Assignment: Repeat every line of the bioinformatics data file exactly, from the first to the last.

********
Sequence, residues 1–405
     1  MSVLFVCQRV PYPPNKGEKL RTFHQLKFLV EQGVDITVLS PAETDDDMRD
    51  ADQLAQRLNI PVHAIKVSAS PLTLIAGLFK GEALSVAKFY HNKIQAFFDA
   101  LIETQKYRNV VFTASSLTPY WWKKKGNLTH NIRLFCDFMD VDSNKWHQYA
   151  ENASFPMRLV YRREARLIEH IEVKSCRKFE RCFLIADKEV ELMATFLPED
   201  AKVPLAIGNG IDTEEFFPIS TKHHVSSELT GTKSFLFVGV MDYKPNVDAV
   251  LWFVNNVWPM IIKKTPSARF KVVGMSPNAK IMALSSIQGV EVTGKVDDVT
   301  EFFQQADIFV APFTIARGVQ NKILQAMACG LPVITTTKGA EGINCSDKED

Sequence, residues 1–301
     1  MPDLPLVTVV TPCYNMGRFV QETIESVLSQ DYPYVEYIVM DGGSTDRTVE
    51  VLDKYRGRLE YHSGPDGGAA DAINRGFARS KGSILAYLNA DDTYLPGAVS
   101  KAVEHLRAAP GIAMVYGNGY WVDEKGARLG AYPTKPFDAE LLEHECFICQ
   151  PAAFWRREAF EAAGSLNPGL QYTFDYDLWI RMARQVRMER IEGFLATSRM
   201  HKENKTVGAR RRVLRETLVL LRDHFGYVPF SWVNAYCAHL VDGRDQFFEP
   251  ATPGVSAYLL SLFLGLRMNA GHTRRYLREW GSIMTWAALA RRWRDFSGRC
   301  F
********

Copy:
Sequence, residues 1–405
     1  MSVLFVCQRV PYPPNKGEKL RTFHQLKFLV EQGVDITVLS PAETDDDMRD
    51  ADQLAQRLNI PVHAIKVSAS PLTLIAGLFK GEALSVAKFY HNKIQAFFDA
   101  LIETQKYRNV VFTASSLTPY WWKKKGNLTH NIRLFCDFMD VDSNKWHQYA
   151  ENASFPMRLV YRREARLIEH IEVKSCRKFE RCFLIADKEV ELMATFLPED
   201  AKVPLAIGNG IDTEEFFPIS TKHHVSSELT GTKSFLFVGV MDYKPNVDAV
   251  LWFVNNVWPM IIKKTPSARF KVVGMSPNAK IMALSSIQGV EVTGKVDDVT
   301  EFFQQADIFV APFTIARGVQ NKILQAMACG LPVITTTKGA EGINCSDKED

Sequence, residues 1–301
     1  MPDLPLVTVV TPCYNMGRFV QETIESVLSQ DYPYVEYIVM DGGSTDRTVE
    51  VLDKYRGRLE YHSGPDGGAA DAINRGFARS KGSILAYLNA DDTYLPGAVS
   101  KAVEHLRAAP GIAMVYGNGY WVDEKGARLG AYPTKPFDAE LLEHECFICQ
   151  PAAFWRREAF EAAGSLNPGL QYTFDYDLWI RMARQVRMER IEGFLATSRM
   201  HKENKTVGAR RRVLRETLVL LRDHFGYVPF SWVNAYCAHL VDGRDQFFEP
   251  ATPGVSAYLL SLFLGLRMNA GHTRRYLREW GSIMTWAALA RRWRDFSGRC
   301  F